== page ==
This week we investigated a type of cell called the sensory receptor. These receptors are found in our skin and allow us to feel pressure, pain, heat, and cold. The kids made pressure probes (see photo), which were used to test 4 different areas of the body: fingertip, forearm, cheek, and calf. The idea was to GENTLY poke these areas with the probe, gradually decreasing the distance between the 2 toothpicks until the subject could only feel 1 prick. The area with the smallest 2-point discrimination was the area that was most sensitive and was assumed to contain the highest number of sensory receptors for pressure. The kids were surprised to find quite a great deal of variation. Subjects could distinguish 2 distinct pricks at an average of 2.5 mm on their fingertips, while the 2-point discrimination was much larger for the calf and forearm - as much as 7 mm.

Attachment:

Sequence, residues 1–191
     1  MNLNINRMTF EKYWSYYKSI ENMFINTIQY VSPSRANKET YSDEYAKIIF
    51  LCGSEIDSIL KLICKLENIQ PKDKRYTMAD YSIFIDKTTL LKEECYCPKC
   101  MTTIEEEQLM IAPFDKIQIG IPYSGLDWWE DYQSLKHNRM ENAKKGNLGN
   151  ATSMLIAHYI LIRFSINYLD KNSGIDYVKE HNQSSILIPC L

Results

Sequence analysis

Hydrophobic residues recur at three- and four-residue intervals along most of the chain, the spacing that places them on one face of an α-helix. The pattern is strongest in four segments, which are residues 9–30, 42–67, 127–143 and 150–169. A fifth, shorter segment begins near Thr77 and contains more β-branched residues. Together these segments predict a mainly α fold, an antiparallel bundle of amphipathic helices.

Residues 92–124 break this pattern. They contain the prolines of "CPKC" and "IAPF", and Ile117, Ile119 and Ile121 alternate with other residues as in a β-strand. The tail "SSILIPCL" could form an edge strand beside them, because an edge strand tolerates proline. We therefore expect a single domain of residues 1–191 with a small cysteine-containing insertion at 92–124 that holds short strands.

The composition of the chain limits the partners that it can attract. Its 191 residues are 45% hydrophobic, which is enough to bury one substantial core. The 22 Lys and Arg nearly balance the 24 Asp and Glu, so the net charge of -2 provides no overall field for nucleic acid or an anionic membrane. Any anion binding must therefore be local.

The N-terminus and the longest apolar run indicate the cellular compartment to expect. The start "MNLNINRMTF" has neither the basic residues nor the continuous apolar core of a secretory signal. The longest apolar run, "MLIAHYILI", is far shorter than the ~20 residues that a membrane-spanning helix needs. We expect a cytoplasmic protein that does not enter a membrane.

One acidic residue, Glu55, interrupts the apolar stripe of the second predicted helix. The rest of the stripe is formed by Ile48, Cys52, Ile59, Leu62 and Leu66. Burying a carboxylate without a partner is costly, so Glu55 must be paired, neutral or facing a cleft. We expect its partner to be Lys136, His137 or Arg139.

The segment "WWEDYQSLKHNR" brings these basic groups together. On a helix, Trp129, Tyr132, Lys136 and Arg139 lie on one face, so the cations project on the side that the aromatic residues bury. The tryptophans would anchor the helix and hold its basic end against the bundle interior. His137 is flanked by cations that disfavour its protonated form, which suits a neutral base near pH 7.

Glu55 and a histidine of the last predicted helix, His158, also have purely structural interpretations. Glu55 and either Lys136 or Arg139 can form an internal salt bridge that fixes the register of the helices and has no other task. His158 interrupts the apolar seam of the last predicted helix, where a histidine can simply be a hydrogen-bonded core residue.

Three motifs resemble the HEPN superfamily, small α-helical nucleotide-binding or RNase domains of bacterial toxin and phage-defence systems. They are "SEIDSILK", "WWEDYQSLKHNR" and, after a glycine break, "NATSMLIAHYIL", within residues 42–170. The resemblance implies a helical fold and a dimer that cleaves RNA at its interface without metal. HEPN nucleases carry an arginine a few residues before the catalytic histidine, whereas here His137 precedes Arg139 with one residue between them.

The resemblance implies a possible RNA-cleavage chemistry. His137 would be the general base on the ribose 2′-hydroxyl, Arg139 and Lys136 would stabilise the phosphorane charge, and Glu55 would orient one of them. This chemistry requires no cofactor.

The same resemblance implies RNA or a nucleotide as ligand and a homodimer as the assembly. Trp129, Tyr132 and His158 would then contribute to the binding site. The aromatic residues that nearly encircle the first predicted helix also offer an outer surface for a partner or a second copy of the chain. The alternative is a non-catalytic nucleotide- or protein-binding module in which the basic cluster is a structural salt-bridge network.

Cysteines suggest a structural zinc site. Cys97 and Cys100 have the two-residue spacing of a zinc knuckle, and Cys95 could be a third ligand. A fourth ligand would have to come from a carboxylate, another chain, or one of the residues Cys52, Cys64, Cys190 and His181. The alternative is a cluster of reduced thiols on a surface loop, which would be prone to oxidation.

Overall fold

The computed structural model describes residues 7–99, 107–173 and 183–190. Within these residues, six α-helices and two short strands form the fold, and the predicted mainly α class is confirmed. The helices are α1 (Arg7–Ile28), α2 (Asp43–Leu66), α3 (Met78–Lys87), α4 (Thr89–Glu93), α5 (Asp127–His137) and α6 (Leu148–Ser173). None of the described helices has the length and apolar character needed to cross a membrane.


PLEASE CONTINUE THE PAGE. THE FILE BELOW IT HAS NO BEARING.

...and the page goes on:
We concluded by discussing why it might be adaptive for some areas to be more sensitive than others.